When Jason Cobb was a kid growing up in Pennsylvania, his parents took family vacations to Steamboat where they would often go snowmobiling. “That’s where it all started,” he says. “One thing led to another and the next thing you know, we moved to Steamboat and Steamboat Snowmobile Tours came up for sale. My family bought it and that’s all she wrote.”

It’s a familiar tale, only instead of skiing, it was about snowmobiling.

For the same reasons the Yampa Valley is an amazing place to ski, it’s also an ideal place to snowmobile; ample snowfall, vast wilderness areas, relative safety from avalanches, and hundreds of miles of groomed trails to explore make it as desirable a destination for snowmobiling as skiing.

Despite what you might think, you don’t need to be from Canada or Minnesota to understand what being a “sled neck” is all about. You don’t even need to know how to drive one—Cobb says it takes less than 15 minutes in an open meadow to figure it out.

We caught up with Cobb to talk engine size, terrain preferences, and why getting a snowmobile stuck is what it is.

Why is the Yampa Valley an ideal place for snowmobiling?

We have excellent terrain, from tree riding and steep hill climbing to different types of ravines. We also have outstanding snow. This year’s snow has been insane! On Rabbit Ears Pass where we do the majority of our snowmobiling, there is a huge area that goes from the Zirkel Wilderness all the way down to Gore Pass. We have over 150 miles of groomed trails to ride.


What is the benefit to exploring the outdoors on a snowmobile?

You can cover a lot of ground very quickly, and you can see a lot of terrain that you typically wouldn’t get to see otherwise. In the summer you have to stay on the roads. I suppose you can go hike all this terrain, but it would take you a lot longer to cover what we can see in a day. In the winter, you can cover a ton of ground without disturbing any vegetation and see some amazing country.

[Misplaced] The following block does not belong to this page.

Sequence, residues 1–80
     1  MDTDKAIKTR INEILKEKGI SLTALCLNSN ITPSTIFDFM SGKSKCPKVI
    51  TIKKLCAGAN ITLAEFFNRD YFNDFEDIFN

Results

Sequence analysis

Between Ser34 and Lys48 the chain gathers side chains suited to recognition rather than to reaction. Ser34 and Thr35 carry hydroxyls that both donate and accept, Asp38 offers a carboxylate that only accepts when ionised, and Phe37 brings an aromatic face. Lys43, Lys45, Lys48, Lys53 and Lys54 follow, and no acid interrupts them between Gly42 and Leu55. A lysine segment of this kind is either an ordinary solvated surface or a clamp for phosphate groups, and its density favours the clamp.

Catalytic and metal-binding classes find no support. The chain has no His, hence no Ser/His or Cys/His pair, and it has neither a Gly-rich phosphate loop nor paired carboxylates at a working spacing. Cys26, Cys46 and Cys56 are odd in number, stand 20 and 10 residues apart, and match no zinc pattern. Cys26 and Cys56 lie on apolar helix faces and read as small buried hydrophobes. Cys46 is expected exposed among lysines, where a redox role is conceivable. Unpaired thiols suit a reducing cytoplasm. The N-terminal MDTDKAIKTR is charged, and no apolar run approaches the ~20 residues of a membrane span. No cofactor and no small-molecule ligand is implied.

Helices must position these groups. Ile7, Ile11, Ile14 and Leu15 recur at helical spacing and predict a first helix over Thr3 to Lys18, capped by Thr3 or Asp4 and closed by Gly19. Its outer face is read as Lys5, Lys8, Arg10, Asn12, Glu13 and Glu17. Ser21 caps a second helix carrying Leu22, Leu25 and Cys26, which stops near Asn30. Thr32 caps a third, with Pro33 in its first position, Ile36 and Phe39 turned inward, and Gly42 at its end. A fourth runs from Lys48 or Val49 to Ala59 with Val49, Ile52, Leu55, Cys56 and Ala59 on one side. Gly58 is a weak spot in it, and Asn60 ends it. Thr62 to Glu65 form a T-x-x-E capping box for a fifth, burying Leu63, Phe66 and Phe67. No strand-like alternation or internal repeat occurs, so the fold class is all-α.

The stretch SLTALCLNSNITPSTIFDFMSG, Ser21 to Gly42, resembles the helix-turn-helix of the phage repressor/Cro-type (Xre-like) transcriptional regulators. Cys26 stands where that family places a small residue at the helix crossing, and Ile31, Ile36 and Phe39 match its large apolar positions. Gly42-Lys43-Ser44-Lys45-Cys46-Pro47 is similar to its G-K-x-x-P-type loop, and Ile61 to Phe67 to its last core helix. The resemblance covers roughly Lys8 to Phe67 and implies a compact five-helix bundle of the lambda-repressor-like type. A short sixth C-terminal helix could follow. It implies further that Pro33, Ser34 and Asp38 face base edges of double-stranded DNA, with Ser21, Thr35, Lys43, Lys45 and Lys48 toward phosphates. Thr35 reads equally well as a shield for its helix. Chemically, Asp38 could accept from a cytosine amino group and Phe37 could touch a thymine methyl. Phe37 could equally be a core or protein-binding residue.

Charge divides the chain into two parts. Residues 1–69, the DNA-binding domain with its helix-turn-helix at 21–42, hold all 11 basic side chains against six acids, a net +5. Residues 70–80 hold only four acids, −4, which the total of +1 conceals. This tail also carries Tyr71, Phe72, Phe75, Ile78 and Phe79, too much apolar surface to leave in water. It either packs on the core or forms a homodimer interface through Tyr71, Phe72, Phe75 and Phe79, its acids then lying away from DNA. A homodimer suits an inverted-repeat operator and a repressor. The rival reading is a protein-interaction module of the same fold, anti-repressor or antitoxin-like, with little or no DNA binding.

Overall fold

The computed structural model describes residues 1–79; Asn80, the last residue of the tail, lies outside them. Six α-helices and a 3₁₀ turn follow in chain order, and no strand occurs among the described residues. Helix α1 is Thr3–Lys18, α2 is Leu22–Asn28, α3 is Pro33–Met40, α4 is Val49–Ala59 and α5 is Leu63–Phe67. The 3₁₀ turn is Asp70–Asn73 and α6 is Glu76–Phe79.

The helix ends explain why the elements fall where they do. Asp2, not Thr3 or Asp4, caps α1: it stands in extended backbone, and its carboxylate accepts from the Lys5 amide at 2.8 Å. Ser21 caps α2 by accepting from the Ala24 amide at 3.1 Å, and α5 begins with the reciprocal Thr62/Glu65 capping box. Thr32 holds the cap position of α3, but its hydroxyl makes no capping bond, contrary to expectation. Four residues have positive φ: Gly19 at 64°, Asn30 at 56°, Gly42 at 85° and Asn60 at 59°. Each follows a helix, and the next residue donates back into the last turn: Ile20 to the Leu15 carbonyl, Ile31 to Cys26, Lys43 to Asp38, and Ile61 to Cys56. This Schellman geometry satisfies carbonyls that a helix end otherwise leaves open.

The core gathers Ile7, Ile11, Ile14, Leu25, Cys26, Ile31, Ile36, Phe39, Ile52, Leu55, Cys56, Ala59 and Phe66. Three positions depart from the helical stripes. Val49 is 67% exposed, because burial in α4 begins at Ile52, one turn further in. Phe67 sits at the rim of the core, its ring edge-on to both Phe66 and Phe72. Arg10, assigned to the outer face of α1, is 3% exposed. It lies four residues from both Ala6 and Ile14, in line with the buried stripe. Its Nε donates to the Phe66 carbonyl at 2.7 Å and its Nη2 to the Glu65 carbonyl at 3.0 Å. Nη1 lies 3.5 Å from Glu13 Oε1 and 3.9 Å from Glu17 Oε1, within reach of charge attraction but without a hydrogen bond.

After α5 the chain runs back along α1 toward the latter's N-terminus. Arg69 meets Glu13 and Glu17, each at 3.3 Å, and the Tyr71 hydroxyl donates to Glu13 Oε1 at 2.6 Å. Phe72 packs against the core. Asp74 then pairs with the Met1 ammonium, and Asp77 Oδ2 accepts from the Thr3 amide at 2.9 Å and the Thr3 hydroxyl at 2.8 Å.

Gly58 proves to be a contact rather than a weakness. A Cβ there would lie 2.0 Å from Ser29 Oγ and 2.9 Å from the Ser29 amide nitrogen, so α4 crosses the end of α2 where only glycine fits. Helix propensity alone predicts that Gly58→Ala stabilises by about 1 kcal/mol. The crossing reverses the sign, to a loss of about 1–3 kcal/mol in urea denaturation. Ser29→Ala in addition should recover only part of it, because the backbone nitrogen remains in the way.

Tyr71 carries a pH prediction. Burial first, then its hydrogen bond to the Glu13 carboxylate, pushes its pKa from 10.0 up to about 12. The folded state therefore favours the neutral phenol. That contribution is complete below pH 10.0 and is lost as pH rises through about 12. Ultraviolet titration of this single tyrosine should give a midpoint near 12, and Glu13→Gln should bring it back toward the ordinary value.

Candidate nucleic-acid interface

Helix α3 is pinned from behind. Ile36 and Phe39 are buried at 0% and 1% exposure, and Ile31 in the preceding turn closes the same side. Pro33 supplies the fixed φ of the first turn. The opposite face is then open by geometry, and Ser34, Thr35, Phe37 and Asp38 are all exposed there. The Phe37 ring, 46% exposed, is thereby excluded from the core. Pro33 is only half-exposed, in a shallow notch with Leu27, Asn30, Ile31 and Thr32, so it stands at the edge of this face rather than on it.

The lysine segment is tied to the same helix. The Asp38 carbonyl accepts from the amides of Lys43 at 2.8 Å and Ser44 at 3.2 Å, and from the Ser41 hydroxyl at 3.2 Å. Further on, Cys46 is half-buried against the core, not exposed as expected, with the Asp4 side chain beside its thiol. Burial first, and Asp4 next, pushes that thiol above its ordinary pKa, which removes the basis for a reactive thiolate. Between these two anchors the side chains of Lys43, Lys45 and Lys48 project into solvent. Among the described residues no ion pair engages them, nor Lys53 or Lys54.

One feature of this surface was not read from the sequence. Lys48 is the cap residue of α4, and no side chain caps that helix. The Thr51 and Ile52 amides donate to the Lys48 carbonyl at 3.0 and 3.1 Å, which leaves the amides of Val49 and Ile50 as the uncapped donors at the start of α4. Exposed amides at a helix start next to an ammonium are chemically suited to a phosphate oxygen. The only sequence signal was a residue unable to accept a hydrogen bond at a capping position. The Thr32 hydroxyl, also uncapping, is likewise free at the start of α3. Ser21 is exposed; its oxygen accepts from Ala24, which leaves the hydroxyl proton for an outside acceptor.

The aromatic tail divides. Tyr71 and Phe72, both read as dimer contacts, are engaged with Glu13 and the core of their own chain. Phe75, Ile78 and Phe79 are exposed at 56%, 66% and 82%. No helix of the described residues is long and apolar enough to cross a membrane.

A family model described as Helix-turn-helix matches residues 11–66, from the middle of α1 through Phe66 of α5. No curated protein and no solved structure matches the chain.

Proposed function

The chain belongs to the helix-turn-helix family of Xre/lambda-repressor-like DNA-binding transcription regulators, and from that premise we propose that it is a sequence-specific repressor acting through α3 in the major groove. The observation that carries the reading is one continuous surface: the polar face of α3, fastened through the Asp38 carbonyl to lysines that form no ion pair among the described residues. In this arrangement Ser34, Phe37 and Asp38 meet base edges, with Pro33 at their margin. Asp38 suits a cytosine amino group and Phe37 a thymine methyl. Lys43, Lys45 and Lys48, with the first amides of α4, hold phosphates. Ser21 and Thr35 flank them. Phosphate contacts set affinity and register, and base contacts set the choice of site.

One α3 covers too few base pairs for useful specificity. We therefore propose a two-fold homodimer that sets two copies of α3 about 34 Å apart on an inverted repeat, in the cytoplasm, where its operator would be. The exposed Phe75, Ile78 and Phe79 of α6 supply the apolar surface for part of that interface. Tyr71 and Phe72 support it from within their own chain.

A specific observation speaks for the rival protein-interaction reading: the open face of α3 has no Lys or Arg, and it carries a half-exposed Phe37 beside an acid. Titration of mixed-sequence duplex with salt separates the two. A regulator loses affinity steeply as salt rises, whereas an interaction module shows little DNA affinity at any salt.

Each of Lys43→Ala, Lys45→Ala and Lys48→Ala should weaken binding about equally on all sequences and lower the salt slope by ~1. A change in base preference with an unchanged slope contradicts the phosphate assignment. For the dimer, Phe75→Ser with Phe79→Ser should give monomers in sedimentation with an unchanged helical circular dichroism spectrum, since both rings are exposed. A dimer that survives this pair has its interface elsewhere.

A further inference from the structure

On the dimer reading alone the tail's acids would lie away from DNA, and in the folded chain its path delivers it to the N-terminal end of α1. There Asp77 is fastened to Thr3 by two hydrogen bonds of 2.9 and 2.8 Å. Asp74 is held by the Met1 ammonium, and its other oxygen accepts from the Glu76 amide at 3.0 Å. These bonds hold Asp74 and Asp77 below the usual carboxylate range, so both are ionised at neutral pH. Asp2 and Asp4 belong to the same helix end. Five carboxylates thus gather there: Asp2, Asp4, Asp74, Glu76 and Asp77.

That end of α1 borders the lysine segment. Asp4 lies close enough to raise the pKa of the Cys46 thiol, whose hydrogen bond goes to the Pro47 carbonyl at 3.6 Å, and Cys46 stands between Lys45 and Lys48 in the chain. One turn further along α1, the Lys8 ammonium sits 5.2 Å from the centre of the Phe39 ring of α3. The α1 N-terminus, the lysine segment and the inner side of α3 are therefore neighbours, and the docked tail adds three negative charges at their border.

Tell us a little bit about the overall experience and what makes it special.

The terrain, the views, the conditions, and the trails really completes the package. You get up there with your family and friends and it just becomes this bonding experience. People aren’t sitting around on their phones, but rather are talking, interacting, and enjoying the experience.


Describe your sleds for someone who doesn’t know much about snowmobiles.

We’re running these new Skidoos. They’re super quiet, super easy to ride, super responsive, and they’re fast even though they’re just a 4-stroke. The throttle is easy to use so the machine is friendly for anyone to ride. Still, a stuck snowmobile is heavy no matter what kind of sled it is—which is why we are there to help.


What can a new rider expect on their first day?

When you come to our place we’re going to get you all suited up and ready for the conditions, whatever it may be. We’re going to give you an orientation on how to ride, what to expect, and where we’re planning to go. We’re going to start out in a big giant meadow and turn you lose to learn your snowmobile. Then we get a sense of the group and where the group wants to go. Most people are comfortable on the sleds within a few minutes and ready to ride almost any trail.

Is it safe?

Snowmobiling is super easy, and we stay out of areas that would pose any potential danger.


How old do you have to be to enjoy it?

You have to be 16 to drive and 18 to drive with a passenger. We can take real young kids depending on the conditions that day, as long as it’s not too cold.


What’s the benefit of going out with a guide?

We can take you to the good spots that you typically wouldn’t be able to find on your own. You have someone there to help you get unstuck. We have knowledge of the area because we ride there all the time. We can also keep you safe. There are definitely some areas you need to stay away from and having a guide comes in huge. We keep you safe and show you the best places to ride. What more can you ask for than that? //steamboatsnowmobile.com